Over the last several decades, Asian News International, owned by the Prakash family, has enjoyed an unchallenged monopoly as India’s biggest television news agency. Entrenched in the power structures of Lutyens’ Delhi, ANI’s relationship with virtually every ruling party has been mutually beneficial. Successive governments have helped ANI maintain its dominance, and also been a direct source of revenue as clients of propaganda. Given the Modi government’s ideological unity with ANI’s owners, the agency will be a formidable tool in the hands of the ruling party in its bid to come back to power.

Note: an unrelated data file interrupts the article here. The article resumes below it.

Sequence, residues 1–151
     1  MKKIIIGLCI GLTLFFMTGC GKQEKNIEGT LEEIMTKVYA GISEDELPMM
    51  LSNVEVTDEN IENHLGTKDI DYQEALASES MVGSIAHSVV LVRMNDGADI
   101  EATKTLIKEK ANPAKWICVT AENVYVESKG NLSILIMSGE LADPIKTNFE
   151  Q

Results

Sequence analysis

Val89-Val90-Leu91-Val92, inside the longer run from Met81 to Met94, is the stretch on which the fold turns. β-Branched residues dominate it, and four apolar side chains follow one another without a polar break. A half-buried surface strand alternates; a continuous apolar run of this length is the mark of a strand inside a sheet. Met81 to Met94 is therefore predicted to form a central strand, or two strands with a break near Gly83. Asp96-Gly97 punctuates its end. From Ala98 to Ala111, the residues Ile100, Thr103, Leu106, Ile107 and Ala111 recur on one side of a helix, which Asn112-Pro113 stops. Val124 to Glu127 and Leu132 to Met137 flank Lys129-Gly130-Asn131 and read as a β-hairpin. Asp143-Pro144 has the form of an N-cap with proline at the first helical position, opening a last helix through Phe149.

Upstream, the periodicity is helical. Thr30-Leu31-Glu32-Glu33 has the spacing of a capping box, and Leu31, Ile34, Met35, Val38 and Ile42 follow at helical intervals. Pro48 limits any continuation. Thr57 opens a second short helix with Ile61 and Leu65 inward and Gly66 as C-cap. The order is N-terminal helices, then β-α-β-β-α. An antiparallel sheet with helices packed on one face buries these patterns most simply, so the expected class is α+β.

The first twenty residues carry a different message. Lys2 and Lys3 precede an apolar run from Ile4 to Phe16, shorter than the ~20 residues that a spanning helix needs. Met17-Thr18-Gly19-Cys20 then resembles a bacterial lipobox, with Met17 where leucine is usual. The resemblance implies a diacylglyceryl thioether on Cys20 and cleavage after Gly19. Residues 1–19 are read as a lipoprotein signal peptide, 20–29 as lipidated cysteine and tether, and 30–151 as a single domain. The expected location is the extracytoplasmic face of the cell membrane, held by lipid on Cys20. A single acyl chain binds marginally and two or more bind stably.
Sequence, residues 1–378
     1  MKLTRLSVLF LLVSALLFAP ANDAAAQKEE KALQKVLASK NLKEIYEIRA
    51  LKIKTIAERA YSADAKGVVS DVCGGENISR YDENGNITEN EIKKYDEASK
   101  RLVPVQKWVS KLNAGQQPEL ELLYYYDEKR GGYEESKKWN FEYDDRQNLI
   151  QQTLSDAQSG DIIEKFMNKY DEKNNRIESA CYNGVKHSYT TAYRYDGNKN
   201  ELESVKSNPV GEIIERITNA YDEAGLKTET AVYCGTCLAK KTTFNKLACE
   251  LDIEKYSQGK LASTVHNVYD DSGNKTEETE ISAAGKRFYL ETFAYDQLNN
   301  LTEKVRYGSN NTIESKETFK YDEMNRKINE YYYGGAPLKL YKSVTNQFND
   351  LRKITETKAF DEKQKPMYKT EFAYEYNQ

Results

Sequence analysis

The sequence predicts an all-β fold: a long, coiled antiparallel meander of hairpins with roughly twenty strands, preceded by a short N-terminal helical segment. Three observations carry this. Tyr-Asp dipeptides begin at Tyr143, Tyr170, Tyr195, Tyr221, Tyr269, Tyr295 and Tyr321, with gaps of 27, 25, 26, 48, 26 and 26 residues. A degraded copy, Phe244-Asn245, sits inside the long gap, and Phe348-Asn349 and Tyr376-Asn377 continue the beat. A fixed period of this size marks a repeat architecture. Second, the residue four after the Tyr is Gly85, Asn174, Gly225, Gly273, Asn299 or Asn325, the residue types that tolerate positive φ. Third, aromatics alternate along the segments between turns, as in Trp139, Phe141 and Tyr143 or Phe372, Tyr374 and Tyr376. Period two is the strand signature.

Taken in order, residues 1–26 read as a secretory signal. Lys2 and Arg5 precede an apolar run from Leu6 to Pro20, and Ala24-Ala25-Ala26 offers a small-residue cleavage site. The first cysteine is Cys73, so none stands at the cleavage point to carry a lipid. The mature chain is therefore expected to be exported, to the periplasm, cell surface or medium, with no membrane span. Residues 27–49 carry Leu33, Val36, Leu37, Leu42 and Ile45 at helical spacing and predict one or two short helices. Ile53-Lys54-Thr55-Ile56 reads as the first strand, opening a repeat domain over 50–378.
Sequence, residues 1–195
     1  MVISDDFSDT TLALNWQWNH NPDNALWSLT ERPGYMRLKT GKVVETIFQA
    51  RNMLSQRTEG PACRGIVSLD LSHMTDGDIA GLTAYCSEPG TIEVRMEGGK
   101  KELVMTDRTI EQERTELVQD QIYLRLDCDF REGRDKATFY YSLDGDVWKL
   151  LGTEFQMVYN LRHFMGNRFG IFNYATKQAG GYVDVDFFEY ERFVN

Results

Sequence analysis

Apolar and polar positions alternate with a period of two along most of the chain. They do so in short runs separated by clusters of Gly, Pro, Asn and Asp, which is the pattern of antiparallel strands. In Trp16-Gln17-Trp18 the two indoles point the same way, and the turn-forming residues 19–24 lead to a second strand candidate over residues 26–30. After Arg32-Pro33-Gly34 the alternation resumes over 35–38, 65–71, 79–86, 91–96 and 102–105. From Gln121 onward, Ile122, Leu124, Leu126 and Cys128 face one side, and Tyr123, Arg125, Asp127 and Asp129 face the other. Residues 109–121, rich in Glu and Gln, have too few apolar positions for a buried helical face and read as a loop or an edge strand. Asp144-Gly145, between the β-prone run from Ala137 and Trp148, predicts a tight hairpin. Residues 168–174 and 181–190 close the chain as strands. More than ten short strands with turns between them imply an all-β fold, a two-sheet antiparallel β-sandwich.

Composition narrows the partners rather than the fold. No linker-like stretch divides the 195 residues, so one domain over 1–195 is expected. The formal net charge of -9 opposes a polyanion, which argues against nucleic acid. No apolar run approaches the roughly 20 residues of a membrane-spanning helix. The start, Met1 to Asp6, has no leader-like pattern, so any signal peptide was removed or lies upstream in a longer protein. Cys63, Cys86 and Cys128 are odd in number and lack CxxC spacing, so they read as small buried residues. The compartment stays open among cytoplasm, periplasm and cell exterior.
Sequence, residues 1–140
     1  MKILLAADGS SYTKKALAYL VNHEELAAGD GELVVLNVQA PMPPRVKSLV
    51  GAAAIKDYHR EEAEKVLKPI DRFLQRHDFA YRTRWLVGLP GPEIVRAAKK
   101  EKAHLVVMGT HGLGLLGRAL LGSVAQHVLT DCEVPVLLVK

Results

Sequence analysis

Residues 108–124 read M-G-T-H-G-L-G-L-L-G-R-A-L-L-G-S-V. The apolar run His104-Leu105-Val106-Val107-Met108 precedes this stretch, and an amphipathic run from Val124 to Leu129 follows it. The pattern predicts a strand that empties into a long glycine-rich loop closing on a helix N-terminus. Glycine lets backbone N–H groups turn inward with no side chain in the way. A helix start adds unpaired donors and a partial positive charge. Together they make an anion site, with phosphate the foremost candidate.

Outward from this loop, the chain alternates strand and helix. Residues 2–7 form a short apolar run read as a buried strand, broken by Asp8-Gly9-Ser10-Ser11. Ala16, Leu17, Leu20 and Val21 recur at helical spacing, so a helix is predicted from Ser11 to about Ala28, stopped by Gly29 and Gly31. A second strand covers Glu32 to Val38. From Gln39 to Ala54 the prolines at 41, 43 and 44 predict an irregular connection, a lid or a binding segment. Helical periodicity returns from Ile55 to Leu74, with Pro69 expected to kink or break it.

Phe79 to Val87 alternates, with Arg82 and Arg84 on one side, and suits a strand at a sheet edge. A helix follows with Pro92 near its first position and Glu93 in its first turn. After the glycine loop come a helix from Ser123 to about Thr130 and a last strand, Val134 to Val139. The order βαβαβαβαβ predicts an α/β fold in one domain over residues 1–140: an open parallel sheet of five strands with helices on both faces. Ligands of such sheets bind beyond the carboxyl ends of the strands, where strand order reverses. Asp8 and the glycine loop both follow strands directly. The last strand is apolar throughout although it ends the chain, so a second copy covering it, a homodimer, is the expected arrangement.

Also in this issue:
Urvashi Sarkar on the aims of the Observer Research Foundation; Christophe Jaffrelot on Muslim exclusion in Modi’s de facto Hindu Rashtra; Jyotsna Singh on what ails Modi’s flagship health scheme; Nikhil Menon on India’s history of elephant diplomacy; Amel Ghani on how a wave of targeted attacks has isolated Quetta’s Hazara community; Mantra Mukim on Bimal Krishna Matilal’s work on Indian epics; Zishaan A Latif on the transformation of a river island.